We potty-trained Jrue over Memorial Day Weekend 2016 using the 3-Day Potty Method, a systematic approach that mostly involves no bottom-wearing on day 1 and no diaper- or underwear-toting on days 2 and 3. The idea was to rid Jrue of the feeling of the barrier—if there was no diaper under his butt to catch outgoing waste, he would be better able to detect the urge to go.
I was scared silly at the mental image of my exploratory 3-year-old stomping around the house, as free as Pooh Bear, potentially pooping in corners and hiding the mess under toys. I could see him aiming to pee on my bedroom carpet and us finding out about it by tracing a “strange” smell days later. I thought that he’d completely rebuff the potty-training process as a whole, even though his signs of readiness flashed repeatedly each day: the running off to cower and poop in shame, the patting of his butt when he had filled a diaper, the fun way “boo-boo” would regularly roll off the tongue, the mild entertainment found in the potty seat…
The psychology and the science behind the 3-day technique seemed so solid. We dove right in on the Saturday of “Jrue’s Potty Party.”
For months and months later, Jrue rejected underwear. He would loudly shriek after baths when I’d try to sit him in some “Paw Patrol” drawers. If given the option, Jrue ran around the house, wildly unfettered, pushing away from mommy and the underwear insistence. Instead of alerting mommy or daddy that he had gone #2 in the potty, he’d just plunk his dirty, naked butt onto the couch, prompting us to purchase a sofa cover pronto.
I didn’t see it coming: who knew that dependency on nudity was a side-effect of potty-training?
Fast-forward about six months: Jrue is consistently wearing underwear that he picks out every day. If he doesn’t ask an adult to help him pull them all the way up, then he lays the essential apparel on the floor, often backwards, and slides into them. I usually jokingly asks if the “butt on the front” feels weird, but I don’t think he gets the jest yet.
This completely works for us. Reversed and all.
Fast-forward again to just recently. My supposition is that we have been crucially earnest in Jrue’s mastering a bottom-wearing routine to the point of his newest paranoia; now, he gets upset if underwear is not immediately available. Once he uses the toilet, before which he undresses entirely and slings his underwear to the side from around an ankle, Jrue retrieves the bottoms and runs up to anyone for help in reapplying. To encourage independence, I put them on the floor and instruct him to try first, which is commonly successful.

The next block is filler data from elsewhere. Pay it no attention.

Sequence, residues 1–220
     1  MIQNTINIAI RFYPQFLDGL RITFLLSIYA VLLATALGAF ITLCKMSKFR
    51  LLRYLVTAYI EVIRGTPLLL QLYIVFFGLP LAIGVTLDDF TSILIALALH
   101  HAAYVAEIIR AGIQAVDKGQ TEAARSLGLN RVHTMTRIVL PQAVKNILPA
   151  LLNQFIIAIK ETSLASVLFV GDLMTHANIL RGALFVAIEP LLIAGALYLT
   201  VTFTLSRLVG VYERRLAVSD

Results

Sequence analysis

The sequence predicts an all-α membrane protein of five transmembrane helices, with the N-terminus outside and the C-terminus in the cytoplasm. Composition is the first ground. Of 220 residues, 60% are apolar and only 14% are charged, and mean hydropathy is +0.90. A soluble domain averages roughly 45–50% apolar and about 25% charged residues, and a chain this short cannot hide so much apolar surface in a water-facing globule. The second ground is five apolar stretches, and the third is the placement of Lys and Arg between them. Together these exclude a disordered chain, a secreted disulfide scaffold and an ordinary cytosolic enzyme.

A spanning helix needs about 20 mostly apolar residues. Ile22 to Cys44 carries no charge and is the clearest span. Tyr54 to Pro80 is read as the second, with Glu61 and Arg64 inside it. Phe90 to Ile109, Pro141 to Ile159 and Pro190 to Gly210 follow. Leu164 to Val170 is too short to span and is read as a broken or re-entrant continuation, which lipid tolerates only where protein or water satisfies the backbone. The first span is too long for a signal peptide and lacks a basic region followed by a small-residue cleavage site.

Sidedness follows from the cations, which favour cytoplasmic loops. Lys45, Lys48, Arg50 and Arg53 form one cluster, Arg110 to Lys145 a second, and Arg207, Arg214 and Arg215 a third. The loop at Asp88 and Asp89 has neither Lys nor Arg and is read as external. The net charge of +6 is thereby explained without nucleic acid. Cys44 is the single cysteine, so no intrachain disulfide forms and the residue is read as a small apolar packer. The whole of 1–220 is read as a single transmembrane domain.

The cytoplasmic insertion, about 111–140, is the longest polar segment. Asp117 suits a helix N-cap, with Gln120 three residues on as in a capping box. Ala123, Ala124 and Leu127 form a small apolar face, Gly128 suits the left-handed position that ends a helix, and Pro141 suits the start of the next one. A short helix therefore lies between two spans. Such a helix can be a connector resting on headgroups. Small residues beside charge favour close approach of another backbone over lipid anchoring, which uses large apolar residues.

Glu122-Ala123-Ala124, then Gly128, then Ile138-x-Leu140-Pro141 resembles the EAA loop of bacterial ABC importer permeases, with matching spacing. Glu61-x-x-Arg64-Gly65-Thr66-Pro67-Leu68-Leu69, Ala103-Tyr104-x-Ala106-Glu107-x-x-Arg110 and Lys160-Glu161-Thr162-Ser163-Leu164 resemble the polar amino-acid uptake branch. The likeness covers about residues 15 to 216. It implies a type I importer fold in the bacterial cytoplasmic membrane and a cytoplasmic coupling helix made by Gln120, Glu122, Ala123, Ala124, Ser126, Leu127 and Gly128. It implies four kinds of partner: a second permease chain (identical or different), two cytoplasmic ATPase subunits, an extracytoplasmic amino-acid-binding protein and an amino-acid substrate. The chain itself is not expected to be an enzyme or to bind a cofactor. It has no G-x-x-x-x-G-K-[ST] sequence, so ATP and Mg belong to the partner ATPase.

If the underwear is moved from the place he thought they were situated (sometimes by the little lady’s tentative hands), or if they are “trapped” inside his pants, Jrue will shrilly wail loud blares of dismay. No underwear to slide on after a bath? He will start in: “Mommy, help, where’s the underwear? WHERE’S THE UNDERWEAR?! WHERE ARE THEY?!”
I just roll my eyes and shake my head.
It has been so ironic to watch him vacillate in the other direction. His love-hate relationship with underwear reminds me of some warped version of the Hans Christian Andersen story “The Emperor’s New Clothes.”
In the classic tale, a pretty stylish emperor is accosted by some shady sewers who claim that they could make him the outfit to beat all outfits. The emperor, one with an obvious ear for great fashion promise, agrees and puts the dressmakers to work, wherein they take weeks to demand these expensive threads and fabrics to produce…nothing.
The getup created is a fabulous frock of satin-rich goodness that is supposedly only visible to those who are intelligent and noble and worthy. Not one to be accused of being stupid, lowbred, or unfit, the emperor pretends to admire the invisible cloak and luxuriate in its splendor. Everyone in the palace, bewildered, follows his lead to prevent disgracing the ruler and to appear sophisticated to others. During the emperor’s grand reveal to his subjects, however, the smartest person in the town, a young child, speaks up and yells that the emperor is only naked, ’tis all.
The story says so much about societal trends, doesn’t it?
My kid is the emperor, very much into diapers but finding boredom in the humdrum and needing a change.
Mom and dad give him the alternative to “change the game” with up-and-coming potty-training couture, which so happens to be a complete level of undress. Not one to be proven a fool, Jrue parades around in his new “garment” while declaring it the next and greatest. Later, when convinced that his au naturel is, in fact, undignified in this life does he move towards a different kind of doctrine and empowerment in underwear.
At least, that’s the way I’m reading it.